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Genelle workshop on wood stoves to answer burning questions

Those looking to replace their old wood stoves with an efficient new one will have another crack at it March 6, 7 p.m. at the Genelle Hall

A new workshop is planned for the provincial Wood Stove Exchange Program in order to get the last seven rebate allotments accounted for in the regional district.

Those who are looking to replace their old wood stoves with an efficient new one will have another crack at it March 6, 7 p.m. at the Genelle Hall (1205 Second St).

The workshop hosted by the Regional District of Kootenay Boundary’s electoral Area B is open to anyone from the surrounding communities who are interested in learning more about the program.

John Vere, Woodstove Exchange program coordinator, will be presenting at the two-hour workshop.

“These workshops are a result of the many questions I am asked when people inquire about the Woodstove Exchange program,” Vere said on his website (

“They wonder if it’s worth it to upgrade their wood heat system or should they change to another source of heat: solar? heat pump? pellet?”

Within the Kootenay Boundary district, Fruitvale has exchanged seven woodstoves, Grand Forks 24, Midway six, Montrose two, Rossland 16 and Trail has exchanged seven. In Area A nine, Area B three, Area C 14, Area D 70, Area E 36.

There haven’t been any exchanges yet in Greenwood or Warfield.

However, there are still a significant amount of old smoky wood stoves in operation around the province and these units can affect the health of homeowners, their neighbours, and overall air shed health, said Vere.

Wood smoke is known to contain tiny particles called particulate matter (PM) — around 2.5 microns or less in diameter — small enough to be breathed into the deepest parts of the lungs.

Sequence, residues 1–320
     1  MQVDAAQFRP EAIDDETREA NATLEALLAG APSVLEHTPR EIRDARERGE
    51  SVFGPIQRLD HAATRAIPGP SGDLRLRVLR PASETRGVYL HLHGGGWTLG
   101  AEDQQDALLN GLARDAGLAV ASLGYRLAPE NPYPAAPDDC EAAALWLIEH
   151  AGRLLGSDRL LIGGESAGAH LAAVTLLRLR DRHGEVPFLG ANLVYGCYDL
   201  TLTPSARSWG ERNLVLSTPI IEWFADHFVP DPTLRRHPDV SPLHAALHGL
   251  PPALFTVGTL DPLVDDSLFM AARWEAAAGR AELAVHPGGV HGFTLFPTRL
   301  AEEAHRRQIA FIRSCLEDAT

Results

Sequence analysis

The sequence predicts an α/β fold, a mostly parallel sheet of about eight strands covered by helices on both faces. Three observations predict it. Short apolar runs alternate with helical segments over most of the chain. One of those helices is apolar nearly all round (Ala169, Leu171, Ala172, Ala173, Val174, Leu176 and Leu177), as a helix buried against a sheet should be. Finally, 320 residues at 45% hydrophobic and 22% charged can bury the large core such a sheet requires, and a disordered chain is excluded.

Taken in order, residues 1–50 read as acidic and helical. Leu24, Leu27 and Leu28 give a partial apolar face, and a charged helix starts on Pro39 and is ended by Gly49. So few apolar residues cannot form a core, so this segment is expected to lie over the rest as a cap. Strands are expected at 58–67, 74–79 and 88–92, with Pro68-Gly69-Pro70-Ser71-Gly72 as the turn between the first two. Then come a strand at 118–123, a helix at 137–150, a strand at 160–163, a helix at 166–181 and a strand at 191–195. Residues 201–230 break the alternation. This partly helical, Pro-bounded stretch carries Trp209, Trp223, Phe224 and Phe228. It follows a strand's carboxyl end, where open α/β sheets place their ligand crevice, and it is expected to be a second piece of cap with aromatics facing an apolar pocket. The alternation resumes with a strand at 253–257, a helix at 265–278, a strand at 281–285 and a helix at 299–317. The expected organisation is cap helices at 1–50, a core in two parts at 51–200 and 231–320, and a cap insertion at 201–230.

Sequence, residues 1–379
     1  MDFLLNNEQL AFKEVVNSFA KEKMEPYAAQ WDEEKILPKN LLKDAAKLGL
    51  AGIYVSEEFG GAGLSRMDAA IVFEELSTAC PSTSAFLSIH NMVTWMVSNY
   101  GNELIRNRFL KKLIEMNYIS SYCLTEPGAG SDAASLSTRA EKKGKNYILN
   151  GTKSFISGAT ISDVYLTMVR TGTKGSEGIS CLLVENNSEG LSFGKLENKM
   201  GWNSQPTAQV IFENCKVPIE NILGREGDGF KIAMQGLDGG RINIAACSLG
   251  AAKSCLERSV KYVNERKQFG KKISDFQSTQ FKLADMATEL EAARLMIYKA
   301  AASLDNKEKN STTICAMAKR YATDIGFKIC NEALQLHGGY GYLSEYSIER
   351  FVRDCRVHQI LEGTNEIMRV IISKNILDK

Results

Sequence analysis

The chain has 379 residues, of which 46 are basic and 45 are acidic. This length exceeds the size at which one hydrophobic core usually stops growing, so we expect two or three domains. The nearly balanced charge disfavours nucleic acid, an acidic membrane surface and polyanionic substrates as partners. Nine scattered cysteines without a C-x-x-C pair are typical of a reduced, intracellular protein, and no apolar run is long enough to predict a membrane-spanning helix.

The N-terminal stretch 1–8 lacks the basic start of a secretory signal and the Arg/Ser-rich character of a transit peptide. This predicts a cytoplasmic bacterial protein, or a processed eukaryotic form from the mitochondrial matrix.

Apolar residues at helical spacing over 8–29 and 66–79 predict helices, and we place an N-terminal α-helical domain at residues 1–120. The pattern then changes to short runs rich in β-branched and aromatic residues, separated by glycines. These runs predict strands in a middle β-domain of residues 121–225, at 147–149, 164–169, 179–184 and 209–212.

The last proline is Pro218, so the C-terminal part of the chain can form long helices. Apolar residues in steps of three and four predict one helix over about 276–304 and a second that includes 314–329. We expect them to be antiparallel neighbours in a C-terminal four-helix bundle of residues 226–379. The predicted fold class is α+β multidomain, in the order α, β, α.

Particulate matter is associated with all sorts of health problems, from a runny nose and coughing, to bronchitis, asthma, emphysema, pneumonia, heart disease and even premature death.

Simple changes to the way people burn wood in their stoves or fireplaces can help minimize smoke, said Vere, increasing the heat provided from wood burning, and limit people’s impacts on their neighbours.

Burning only clean, dry wood, creating small, bright fires by using small pieces of kindling to start the fire — keeping it moderately hot by adding larger pieces of split wood as required — and watching for signs of incomplete burning, such as visible smoke coming from the chimney or long, lazy flames in the firebox will minimize smoke.

In November of 2011, the RDKB received $11,560 from the provincial wood stove exchange program to offset the costs of people trading in their old, inefficient wood stoves for a high-efficiency model or other clean-burning appliances.

That meant an average rebate of $250 rebate from the regional district on the purchase of a new wood stove, insert, pellet stove or gas stove/fireplace.

The idea behind the program is to replace the old inefficient stoves with new high-efficiency wood stoves, proven to burn one third less wood, reduce emissions by up to 70 per cent and reduce the risk of chimney fires.

For further information and to pre-register for the workshop, contact John Vere at 1-866-992-9663.